China’s actions threaten the fragile Himalayan ecosystems, India must speak up before it’s too late
From its rush to mine gold in a border area captured from India to its frenzied dam-building on rivers flowing to other countries, China has gone into overdrive to appropriate natural resources in Tibet, rich in both water and minerals. The Chinese name for Tibet since the ethnic-Manchu Qing Dynasty — Xizang, or “Western Treasure Land” — explains why China’s major water and mining projects are now concentrated on that plateau. Having depleted its own natural resources through an improvident style of economic growth, China is avariciously draining resources from the Tibetan Plateau.
Tibet is a treasure-trove of minerals, including precious metals and rare earths. It is the world’s top lithium producer and has China’s biggest reserves of 10 different metals.
Commercially available satellite pictures show China is engaged in major mining activity right along the militarised frontier with Arunachal Pradesh in an area that fell into Chinese control on August 25-26, 1959, after People’s Liberation Army troops overran the Assam Rifles outpost at Longju in Lhunze. Located along the McMahon Line, the outpost was part of India’s Subansiri Frontier Division. The attack, in which two Indian soldiers were killed, prompted an exchange of letters between Chinese Premier Zhou Enlai and Prime Minister Jawaharlal Nehru.
Today, China’s Lhunze “gold rush” is part of its wider efforts in the Himalayas to extract precious metals, rare earths and other resources. For example, after geological surveys identified rich copper deposits, copper mines have come up in the region where the Brahmaputra makes a U-turn to enter India. Copper mine tailings are beginning to pollute local waters in this sacred region, which personifies Tibet’s protecting deity, Goddess Dorjee Pagmo (Vajravarahi in Sanskrit), and is known to Tibetans as Pemako (“Hidden Lotus Land”).
In its drive to corner resources, China is unmindful of the environmental desecration of sacred landscapes or the transboundary impacts of its opaquely pursued projects. The cross-border effects of its environment-polluting activities in Tibet were exemplified last autumn when the Siang — the Brahmaputra’s main artery — suddenly turned blackish grey as it entered India.
By building giant dams in cascades near its borders, China has reengineered transboundary flows of international rivers originating on the Tibetan Plateau, such as the Mekong. But now it is also seeking to reengineer the weather in Tibet so as to induce greater rain in the plateau’s arid regions. Most rain in Tibet is concentrated in its water-rich southern and southeastern belts along the international frontiers; the rest of the plateau is dry. According to a Hong Kong newspaper, China’s geoengineering experiments in Tibet are an extension of its military program to “trigger natural disasters such as floods, droughts and tornadoes to weaken” an enemy in the event of a war.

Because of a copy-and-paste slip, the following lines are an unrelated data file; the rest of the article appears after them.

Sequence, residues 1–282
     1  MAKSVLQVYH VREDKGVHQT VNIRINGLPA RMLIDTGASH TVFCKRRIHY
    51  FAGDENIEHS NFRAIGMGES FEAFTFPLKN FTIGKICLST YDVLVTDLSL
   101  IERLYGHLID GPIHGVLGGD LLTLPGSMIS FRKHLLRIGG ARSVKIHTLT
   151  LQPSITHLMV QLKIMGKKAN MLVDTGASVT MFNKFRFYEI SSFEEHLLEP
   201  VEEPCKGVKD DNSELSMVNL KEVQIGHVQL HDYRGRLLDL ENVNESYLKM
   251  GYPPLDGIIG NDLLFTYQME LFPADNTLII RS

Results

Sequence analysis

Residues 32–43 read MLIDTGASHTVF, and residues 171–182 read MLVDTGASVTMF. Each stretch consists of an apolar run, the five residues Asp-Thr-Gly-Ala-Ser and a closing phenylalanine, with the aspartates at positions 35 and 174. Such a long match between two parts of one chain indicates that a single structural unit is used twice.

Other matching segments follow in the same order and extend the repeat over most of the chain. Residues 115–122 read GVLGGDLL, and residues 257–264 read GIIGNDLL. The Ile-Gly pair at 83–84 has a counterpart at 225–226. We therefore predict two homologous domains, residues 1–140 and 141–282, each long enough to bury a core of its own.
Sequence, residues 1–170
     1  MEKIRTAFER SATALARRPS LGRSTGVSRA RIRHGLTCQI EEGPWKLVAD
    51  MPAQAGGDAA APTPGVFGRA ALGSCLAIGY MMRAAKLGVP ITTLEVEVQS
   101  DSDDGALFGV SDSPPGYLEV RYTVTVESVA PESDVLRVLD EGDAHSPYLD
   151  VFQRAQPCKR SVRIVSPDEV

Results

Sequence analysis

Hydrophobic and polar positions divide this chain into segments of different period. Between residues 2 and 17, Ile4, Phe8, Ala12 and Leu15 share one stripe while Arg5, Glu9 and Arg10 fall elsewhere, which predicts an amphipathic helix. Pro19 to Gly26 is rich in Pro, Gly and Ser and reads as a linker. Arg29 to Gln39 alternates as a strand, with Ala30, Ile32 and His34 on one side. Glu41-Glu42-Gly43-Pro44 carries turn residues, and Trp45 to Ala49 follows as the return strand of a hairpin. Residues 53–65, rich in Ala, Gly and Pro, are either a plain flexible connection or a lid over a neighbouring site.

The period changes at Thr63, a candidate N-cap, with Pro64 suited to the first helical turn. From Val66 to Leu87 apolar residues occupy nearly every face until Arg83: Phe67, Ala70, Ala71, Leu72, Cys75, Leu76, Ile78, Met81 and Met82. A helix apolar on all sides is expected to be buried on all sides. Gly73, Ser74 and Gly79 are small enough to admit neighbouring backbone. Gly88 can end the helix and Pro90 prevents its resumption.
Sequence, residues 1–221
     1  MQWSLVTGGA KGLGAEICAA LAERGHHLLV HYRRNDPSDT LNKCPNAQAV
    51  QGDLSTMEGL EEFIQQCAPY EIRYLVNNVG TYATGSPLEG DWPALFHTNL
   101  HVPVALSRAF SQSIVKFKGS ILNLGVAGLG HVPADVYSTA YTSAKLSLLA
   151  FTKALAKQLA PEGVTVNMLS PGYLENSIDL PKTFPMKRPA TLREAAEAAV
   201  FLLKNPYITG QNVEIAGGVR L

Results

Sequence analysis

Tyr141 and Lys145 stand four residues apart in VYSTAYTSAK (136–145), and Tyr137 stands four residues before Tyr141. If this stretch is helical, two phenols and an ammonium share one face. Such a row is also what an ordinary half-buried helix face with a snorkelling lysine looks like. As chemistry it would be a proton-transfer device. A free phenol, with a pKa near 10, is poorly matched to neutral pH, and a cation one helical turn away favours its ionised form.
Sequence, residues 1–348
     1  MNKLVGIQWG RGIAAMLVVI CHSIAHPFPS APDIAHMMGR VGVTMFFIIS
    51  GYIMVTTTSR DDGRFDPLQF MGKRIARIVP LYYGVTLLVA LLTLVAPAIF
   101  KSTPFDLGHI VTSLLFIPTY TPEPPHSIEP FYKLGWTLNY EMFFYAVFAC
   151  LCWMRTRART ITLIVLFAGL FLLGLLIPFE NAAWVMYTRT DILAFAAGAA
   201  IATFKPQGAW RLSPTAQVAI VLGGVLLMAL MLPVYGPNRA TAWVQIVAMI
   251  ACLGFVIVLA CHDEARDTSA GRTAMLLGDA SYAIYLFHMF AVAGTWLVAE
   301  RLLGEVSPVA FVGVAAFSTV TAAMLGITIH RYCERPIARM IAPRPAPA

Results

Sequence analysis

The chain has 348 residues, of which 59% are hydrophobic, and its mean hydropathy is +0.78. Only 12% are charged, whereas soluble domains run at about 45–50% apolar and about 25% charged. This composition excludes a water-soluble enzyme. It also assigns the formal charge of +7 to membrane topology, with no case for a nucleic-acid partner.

Such geoengineering opens a new interventionist frontier with unpredictable, trans-Himalayan implications. Given the climate system’s global interconnections, experiments in Tibet to bring more rain could help suck in moisture from other regions. That would potentially affect monsoons in India and elsewhere in Asia.
Tibet, one of the world’s most biodiverse regions, is unique: It has the rarest medicinal plants, the highest-living primates on Earth, and scores of bird, mammal, amphibian, reptile, fish and plant species not found anywhere else. Through the centuries, the nature-friendly Tibetan way of life helped preserve the plateau’s pristine environment.
But, under Chinese rule, Tibet’s demographic transformation, coupled with reckless exploitation of its mineral and water resources, has brought the fragile Himalayan ecosystems under increasing threat. Scientific studies, including by Chinese scholars, point to high rates of loss of genetic variability and extinction of species. Tibet is called the “Third Pole” because it has the largest perennial ice mass on the planet after the Arctic and Antarctica. But today, human-made environmental changes have resulted in Tibet warming at almost three times the global average. This holds major long-term implications for the triple role Tibet plays as Asia’s main freshwater repository, largest water supplier and principal rainmaker.
International pressure needs to be mounted on Beijing to refrain from activities that are contributing, as one study points out, to a sharp “decline of Tibet’s natural resources” and “environmental impairment”. Asia’s ecological interests cannot be safeguarded unless China is forced to change course, including by respecting international environmental standards.
No country is more affected by China’s assault on the Himalayan ecosystems than India. Yet India’s silence is conspicuous. India, perennially mired in petty domestic politics, must speak up on China’s environmental onslaught before it is too late.
Brahma Chellaney is a geostrategist
The views expressed are personal